The new Southern DHB system proposes that a triage nurse (if comfortable to do so) would have a conversation with a patient and ‘encourage’ them to see a GP instead. If cost was a barrier a voucher could be issued.

Southern DHB says they are not turning patients away, merely “offering the patient the choice of an alternative treatment provider.”

NZNO was asked our view of the new system. Our answer is – it must comply with Ministry of Health guidelines on the interface with primary care.

Making sure every single New Zealander has access to Emergency Departments is a fundamental part of our public health system.

The decision to treat someone in ED or redirect them is a clinical decision with clinical and professional accountabilities for the health practitioner.  We all know what happens when something goes wrong!

According to the plan, the burden of this work will fall on registered nurses.  Our members were not part of the design of this local system and we fear they may be pressured to reach targets, either of acuity or numbers of patients seen in ED.

Not only that, but the system is counter to the Ministry of Health NZ guidelines on the interface with primary care, which includes the important proviso that ‘encouragement’ to leave ED and make an appointment with a GP instead should not occur at the triage stage of the process. Triage does not accurately determine the appropriateness of a patient’s condition for presentation at either the ED or primary health care.

The Ministry of Health guidelines also state that the NZ public will not be declined care in emergency departments.

If the system does not change at Southern DHB, patients will not receive the assessment/diagnosis that must happen before a decision is made, triage nurses will be at risk and their workload will increase greatly.  This is not good for patient safety.

Nurses should have been part of the planning for this process and now need to have education on the redirection process, including the understanding of professional accountabilities.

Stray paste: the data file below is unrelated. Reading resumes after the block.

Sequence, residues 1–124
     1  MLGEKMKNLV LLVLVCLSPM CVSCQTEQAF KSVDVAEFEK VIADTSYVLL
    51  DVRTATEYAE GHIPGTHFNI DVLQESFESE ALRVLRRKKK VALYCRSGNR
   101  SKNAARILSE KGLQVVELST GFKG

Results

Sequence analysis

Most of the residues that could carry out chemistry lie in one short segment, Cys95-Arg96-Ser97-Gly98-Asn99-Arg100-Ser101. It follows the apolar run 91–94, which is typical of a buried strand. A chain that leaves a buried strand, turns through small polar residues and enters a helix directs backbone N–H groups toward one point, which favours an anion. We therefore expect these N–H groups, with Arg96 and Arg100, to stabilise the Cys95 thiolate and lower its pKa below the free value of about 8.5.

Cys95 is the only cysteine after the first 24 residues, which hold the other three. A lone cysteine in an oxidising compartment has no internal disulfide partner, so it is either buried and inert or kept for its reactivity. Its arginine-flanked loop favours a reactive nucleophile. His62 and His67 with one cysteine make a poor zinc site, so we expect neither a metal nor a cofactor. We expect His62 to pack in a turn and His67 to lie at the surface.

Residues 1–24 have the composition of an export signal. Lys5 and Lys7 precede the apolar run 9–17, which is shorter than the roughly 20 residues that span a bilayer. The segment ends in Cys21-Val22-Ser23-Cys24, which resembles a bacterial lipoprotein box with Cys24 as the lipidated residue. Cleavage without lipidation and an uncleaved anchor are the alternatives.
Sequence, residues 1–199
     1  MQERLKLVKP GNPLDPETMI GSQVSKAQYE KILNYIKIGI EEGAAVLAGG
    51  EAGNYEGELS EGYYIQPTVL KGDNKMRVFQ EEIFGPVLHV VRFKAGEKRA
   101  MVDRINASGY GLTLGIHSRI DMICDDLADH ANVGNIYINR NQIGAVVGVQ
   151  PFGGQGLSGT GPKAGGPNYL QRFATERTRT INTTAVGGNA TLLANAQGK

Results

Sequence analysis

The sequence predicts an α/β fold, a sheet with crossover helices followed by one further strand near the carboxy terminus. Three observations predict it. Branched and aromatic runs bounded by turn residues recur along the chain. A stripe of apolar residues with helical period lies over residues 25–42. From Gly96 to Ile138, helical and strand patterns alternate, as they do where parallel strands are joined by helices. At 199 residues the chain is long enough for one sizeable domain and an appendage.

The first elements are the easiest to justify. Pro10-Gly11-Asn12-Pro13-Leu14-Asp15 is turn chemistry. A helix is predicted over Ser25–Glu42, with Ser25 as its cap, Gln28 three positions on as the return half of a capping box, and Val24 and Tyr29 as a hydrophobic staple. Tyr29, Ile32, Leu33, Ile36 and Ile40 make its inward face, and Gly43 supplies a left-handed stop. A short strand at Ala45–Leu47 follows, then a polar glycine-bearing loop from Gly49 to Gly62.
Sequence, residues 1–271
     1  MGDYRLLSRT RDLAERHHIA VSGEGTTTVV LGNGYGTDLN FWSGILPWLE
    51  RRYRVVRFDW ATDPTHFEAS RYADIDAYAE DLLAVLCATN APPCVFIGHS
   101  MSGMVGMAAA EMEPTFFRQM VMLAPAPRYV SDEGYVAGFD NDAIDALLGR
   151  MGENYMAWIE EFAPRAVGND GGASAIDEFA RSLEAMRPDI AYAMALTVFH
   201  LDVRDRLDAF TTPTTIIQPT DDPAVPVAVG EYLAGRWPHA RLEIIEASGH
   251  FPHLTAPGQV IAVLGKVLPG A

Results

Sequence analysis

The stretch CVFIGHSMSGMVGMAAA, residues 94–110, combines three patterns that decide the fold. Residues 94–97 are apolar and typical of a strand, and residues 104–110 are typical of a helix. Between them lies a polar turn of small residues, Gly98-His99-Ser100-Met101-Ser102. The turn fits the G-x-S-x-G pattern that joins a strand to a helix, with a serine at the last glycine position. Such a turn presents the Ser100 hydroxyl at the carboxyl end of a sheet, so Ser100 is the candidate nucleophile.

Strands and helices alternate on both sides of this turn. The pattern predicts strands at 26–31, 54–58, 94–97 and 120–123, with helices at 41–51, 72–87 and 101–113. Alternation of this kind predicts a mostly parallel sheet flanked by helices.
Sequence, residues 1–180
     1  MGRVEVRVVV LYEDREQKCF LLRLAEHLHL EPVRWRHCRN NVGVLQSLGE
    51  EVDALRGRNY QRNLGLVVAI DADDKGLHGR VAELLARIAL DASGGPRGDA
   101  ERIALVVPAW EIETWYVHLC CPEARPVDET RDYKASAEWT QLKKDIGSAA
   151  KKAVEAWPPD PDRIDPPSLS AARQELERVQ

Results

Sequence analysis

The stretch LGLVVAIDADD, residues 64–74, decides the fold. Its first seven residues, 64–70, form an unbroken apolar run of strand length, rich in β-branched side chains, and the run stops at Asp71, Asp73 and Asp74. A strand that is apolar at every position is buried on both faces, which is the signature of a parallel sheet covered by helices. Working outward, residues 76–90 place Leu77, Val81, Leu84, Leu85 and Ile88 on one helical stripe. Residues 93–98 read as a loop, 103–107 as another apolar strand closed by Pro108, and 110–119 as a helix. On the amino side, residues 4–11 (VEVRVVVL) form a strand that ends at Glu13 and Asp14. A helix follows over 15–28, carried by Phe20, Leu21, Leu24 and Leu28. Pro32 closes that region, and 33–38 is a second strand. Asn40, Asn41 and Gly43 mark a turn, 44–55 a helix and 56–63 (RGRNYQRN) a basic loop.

NZNO will be working with Southern and other DHBs to ensure patients and staff receive high quality care, where and when they need it. The College of Emergency Nurses NZ -NZNO is drafting a position paper to detail responsibilities. We’ll link to that when it is finalised.

Below are the relevant sections of Ministry of Health’s 2011 guidelines on the Interface with primary health care.

2. Referring patients from ED to primary health care for ongoing care

2.4  The extent of ED care prior to referral to primary health care will vary, but the guiding principles should be that sufficient assessment/care is undertaken so that ED staff are satisfied that the patient is clinically:

  • safe (a need for alternative or more urgent care does not appear to be needed);
  • comfortable (distressing symptoms are addressed); and
  • appropriate (sufficient diagnostic work-up has been done so that there is reasonable certainty that primary health care is best suited to continue the patient’s management).

4. Identifying and referring patients for whom primary health care is better suited to meet their needs

4.4  However, referral to primary health care may occur if further clinical assessment determines that primary health care is better suited to meet the patient’s needs. This clinical assessment must be over and above the usual triage process and should ensure that the criteria in paragraph 2.4 are met. In addition, referral to primary health care in this context must:

  • be facilitatory and not against the patient’s wishes (ED care should not be denied);
  • be based on a high level of comfort from the assessing clinician that referral is best for the patient (the assessing clinician must not feel any institutional pressure to ‘refer’ patients to primary health care and must be protected from any undue risk associated with the referral of patients); and
  • occur in the context of a responsive primary health care service (the patient must be able to be seen in primary health care in an appropriate timeframe for their condition).